Wade Davis may be the American League’s finest reliever in 2014, and he calls the eighth inning home.
He warmed up as his teammates batted in the top of that inning in a 4-3 loss Tuesday to Tampa Bay. Yet, when the bullpen door opened, Davis stayed back and watched middle reliever Francisley Bueno jog toward the mound.
The Royals were trailing. Within the in-game schematics of manager Ned Yost, Davis does not pitch in the eighth inning when trailing.
Yost abides by baseball’s orthodoxy, and his bullpen usage can be rigid. He dislikes utilizing his best pitchers without a lead.
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As Bueno struggled Tuesday, and a one-run deficit ballooned to three, pitchers Kelvin Herrera and Davis idled in the bullpen.
“That’s not Davis’ job, to come in when we’re behind in the eighth inning,” Yost said. “His job is to take care of it when we’re tied or ahead.”
The Royals never experienced either of those scenarios. Tampa Bay tagged Bueno for two extra runs, the precious sort that Yost often calls “tack-on runs.”
The extra runs proved decisive, and foiled the Royals as they scored two of their own against Rays closer Jake McGee.
“It’s just unfortunate that they got two runs in the bottom of the eighth,” Yost said. “It would have been nice if that wouldn’t have happened.”
The defeat does not land solely at the feet of Bueno.
The Rays’ surge against him sprung from an overzealous effort from shortstop Alcides Escobar. The offense failed to punish a pitcher returning from injury, and a four-hit night by Lorenzo Cain went for naught. Starter Jason Vargas blamed himself for a “lazy” change-up that opened the door for Tampa Bay to grab the lead in the sixth.
The Royals, 46-43, missed an opportunity to collect their fifth win on this nine-game trip. The importance of Wednesday’s game magnifies now. The Royals can capture a series victory, a positive record on the road swing and a spate of momentum to carry into a four-game series with Detroit before the All-Star break.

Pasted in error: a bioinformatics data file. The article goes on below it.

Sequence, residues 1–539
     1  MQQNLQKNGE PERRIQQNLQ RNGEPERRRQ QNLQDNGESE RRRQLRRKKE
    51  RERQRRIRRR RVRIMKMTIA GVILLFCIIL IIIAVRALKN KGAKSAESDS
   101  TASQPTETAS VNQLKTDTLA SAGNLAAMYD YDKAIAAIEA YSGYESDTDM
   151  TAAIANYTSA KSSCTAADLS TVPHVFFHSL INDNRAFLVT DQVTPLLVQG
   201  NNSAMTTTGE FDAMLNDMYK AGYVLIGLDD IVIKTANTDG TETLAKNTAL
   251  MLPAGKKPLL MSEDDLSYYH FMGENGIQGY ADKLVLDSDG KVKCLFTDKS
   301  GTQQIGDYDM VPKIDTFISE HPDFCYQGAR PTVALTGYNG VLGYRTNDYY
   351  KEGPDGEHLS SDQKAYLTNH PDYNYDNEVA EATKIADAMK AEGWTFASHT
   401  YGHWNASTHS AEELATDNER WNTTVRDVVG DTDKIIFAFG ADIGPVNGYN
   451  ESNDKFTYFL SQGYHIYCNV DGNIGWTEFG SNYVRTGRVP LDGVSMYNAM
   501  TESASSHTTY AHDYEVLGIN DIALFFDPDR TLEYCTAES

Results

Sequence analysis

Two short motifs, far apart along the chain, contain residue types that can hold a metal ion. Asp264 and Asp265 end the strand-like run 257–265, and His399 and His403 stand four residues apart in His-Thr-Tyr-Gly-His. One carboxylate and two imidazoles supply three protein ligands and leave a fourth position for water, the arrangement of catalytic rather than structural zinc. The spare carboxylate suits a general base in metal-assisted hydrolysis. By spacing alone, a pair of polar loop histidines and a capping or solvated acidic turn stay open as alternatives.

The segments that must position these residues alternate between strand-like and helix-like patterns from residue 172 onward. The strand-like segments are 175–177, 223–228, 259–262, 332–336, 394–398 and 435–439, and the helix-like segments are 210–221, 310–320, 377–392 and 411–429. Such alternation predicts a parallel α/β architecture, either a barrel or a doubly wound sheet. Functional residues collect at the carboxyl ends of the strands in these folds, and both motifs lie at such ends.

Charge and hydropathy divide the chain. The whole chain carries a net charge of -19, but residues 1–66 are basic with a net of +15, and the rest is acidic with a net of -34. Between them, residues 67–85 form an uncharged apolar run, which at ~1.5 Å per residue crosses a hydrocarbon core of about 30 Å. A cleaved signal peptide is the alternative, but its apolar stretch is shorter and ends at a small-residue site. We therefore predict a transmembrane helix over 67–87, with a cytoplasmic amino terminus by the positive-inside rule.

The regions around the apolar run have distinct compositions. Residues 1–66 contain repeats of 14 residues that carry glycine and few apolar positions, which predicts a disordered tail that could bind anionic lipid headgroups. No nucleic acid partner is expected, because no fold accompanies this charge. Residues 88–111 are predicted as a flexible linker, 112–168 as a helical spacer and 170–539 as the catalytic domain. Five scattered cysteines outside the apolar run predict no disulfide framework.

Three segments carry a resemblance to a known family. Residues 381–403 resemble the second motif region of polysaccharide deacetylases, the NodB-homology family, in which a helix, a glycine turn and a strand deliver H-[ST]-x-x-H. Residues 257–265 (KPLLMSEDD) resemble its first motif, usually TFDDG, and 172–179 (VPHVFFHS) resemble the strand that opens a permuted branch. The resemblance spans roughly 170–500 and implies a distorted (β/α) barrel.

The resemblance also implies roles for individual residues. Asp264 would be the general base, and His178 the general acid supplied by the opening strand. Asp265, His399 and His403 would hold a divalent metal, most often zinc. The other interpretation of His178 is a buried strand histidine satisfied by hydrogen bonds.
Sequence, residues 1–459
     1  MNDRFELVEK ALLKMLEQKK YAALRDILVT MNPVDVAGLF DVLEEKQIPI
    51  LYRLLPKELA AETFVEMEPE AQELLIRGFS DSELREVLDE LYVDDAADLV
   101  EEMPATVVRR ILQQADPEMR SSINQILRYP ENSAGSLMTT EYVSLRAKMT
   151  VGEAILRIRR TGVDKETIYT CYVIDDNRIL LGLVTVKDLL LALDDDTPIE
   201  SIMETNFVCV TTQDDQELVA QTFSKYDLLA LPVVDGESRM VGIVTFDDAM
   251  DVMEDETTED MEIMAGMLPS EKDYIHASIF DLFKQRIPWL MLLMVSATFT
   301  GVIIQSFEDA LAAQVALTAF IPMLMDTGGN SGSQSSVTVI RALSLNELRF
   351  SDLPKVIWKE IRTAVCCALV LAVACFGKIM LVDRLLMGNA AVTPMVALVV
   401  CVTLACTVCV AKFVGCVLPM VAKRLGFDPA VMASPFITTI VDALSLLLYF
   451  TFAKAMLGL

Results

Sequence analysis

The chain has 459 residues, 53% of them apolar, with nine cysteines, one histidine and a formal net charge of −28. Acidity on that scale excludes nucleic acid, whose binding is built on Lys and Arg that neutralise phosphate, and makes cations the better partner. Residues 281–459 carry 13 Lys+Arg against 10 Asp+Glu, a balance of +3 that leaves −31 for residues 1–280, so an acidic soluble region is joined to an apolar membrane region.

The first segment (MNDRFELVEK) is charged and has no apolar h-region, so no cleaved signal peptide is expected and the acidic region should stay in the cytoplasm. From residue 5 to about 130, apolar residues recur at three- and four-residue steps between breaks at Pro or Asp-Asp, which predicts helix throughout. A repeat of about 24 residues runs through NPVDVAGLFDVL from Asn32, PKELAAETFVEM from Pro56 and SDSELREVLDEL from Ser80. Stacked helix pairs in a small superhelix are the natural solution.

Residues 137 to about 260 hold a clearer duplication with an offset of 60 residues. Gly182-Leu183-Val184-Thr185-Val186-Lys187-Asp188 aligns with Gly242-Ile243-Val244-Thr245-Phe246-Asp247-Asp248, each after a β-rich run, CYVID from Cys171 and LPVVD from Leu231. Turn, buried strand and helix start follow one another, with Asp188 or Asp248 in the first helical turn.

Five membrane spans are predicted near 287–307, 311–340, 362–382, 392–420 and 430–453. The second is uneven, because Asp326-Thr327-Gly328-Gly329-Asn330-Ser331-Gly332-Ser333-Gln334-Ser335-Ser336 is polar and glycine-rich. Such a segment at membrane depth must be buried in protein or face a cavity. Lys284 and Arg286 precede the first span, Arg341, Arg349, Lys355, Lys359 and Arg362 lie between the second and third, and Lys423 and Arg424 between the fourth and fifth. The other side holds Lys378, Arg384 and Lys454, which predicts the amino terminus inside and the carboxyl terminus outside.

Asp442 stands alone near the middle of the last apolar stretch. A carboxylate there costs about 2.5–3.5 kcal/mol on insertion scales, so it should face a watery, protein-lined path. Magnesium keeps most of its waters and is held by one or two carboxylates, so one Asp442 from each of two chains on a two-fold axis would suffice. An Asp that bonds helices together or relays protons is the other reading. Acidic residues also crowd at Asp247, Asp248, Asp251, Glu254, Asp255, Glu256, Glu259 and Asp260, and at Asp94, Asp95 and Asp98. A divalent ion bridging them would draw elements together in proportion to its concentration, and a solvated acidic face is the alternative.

Vargas dueled with Jeremy Hellickson at the start. Neither offense presented much firepower. Hellickson gave up just one run and exited with one out in the fifth and runners at the corners.
Vargas surrendered just two runs, but he could not complete the sixth inning. He had suppressed the Rays until that final go-round. After yielding a single and a double, Vargas watched a two-run single from third baseman Evan Longoria splash into right field.
Longoria spoiled a curveball to put Tampa Bay on the board. But as Vargas recounted the inning, his folly occurred against outfielder Brandon Guyer in the previous at-bat. Vargas hung a change-up, Guyer doubled and the Rays had two men in scoring position for Longoria.
“It was one of those times when you miss you didn’t have a mind lapse,” Vargas said. “Or you give up halfway through the pitch. It was just one of those times that it happened. We weren’t able to recover.”
Guyer vexed the Royals once again in the eighth. Bueno had not given up a run since returning from the disabled list in June. Guyer opted to test him with a bunt. Bueno fumbled while fielding it, and the Rays’ dugout came alive.
Another reason for them to cheer sprouted soon after. Longoria chopped a grounder toward shortstop. Escobar scooped it up a few steps deep in the hole.
“I think Esky thought he was closer to the bag,” Yost said. “Omar (Infante) was standing right on it.”
Escobar eschewed a throw and sprinted toward the base. Guyer beat him there. Escobar threw to first. Longoria beat that attempt, too. James Loney soon followed with an RBI double, and Logan Forsythe capped the scoring with a sacrifice fly.
The late-game folly would have merely been annoying were it not for what followed. Facing McGee, a left-handed demon who merited All-Star consideration, the Royals came to life. Cain ripped his fourth hit of the night. Eric Hosmer slapped a double down the third-base line. Salvador Perez drove them in with a single up the middle.
The players draped their arms over the dugout railing and watched the offense breathe its last gasps. Alex Gordon flied out. When Infante swung through a 98-mph fastball for strike three, the night was over.
“We did the best we could to make a comeback there,” Cain said. “But fell short.”
They never did lead. They never even tied. There was never any reason, then, to use Wade Davis.